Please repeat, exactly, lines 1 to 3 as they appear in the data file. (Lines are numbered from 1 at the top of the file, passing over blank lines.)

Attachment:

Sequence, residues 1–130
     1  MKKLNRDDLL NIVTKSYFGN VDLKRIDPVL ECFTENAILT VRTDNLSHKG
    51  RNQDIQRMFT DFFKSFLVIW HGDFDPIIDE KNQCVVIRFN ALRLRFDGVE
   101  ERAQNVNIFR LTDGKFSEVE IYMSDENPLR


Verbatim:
Sequence, residues 1–130
     1  MKKLNRDDLL NIVTKSYFGN VDLKRIDPVL ECFTENAILT VRTDNLSHKG
    51  RNQDIQRMFT DFFKSFLVIW HGDFDPIIDE KNQCVVIRFN ALRLRFDGVE